Risk Aversion and the Gender Gap in the Vote for Populist Radical Right Parties

Odelia Oshri*, Liran Harsgor, Reut Itzkovitch-Malka, Or Tuttnauer

*Corresponding author for this work

Research output: Contribution to journalArticlepeer-review

6 Scopus citations

Abstract

Previous research has established that men are more likely to vote for populist radical right parties (PRRPs) than women. This article shows how cross-national and temporal variations in PRRPs’ electoral success interact with individuals’ risk propensity to affect this gender gap. We hypothesize that gender differences in the electoral support of PRRPs stem from disparities in risk-taking. We conceptualize risk in terms of two components, social and electoral, and demonstrate that women are more risk-averse regarding both. Our analysis is based on public opinion data from 14 countries (2002–16) combined with macrolevel data on PRRPs’ past parliamentary fortunes. To distinguish between the social and electoral components in risk-taking, we use the illustrative case study of Germany. Findings demonstrate that gender differences in risk-taking and, by implication, the differences between women's and men's responses to the electoral context are key to understanding the voting gender gap.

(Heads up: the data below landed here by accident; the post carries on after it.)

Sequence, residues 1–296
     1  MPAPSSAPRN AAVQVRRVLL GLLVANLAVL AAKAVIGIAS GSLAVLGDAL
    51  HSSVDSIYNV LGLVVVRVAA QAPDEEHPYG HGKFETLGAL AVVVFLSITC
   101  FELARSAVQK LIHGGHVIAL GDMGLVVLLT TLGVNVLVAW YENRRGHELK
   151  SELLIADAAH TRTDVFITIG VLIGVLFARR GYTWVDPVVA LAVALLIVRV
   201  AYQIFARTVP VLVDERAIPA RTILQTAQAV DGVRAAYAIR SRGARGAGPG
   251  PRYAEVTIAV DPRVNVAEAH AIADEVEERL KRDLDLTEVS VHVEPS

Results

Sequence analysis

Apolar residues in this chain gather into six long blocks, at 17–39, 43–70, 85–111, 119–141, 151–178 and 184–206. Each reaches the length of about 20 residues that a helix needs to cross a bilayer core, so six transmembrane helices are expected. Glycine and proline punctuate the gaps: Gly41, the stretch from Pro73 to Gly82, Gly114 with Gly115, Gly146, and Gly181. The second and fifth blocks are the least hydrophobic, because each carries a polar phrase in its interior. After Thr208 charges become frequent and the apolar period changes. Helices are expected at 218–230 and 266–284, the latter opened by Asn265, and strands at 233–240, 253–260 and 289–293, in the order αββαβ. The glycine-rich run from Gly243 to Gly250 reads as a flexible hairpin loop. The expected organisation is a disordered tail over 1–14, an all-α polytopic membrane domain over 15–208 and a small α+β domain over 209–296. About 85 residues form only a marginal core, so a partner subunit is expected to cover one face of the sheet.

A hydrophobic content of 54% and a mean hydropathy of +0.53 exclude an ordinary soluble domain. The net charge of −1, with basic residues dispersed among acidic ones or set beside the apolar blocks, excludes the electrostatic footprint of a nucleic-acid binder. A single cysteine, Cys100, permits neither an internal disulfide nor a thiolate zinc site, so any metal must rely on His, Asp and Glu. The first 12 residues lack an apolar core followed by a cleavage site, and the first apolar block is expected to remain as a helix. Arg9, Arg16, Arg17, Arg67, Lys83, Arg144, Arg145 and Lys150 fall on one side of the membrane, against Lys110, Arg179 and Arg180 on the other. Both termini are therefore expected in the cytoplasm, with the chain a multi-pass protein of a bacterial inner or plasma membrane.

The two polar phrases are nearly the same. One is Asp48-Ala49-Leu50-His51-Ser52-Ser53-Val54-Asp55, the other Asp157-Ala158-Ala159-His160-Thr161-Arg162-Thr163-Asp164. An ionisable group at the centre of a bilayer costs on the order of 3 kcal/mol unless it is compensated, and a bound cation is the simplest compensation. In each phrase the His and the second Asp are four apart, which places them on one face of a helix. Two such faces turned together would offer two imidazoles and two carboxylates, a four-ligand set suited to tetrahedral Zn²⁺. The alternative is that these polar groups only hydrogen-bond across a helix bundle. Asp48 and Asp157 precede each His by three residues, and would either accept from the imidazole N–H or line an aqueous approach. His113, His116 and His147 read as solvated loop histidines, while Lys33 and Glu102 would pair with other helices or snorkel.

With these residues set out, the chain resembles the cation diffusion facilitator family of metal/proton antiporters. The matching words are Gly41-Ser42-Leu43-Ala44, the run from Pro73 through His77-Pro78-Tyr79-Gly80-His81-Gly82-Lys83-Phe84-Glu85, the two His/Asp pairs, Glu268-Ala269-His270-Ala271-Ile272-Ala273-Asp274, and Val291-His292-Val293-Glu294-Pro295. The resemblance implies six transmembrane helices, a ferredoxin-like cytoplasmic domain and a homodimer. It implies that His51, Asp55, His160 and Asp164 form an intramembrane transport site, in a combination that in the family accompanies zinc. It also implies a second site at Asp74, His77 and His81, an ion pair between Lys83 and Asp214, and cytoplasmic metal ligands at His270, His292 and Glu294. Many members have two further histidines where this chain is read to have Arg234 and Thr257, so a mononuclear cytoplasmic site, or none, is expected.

Original languageAmerican English
Pages (from-to)701-717
Number of pages17
JournalAmerican Journal of Political Science
Volume67
Issue number3
DOIs
StatePublished - Jul 2023

Bibliographical note

Publisher Copyright:
©2022, Midwest Political Science Association.

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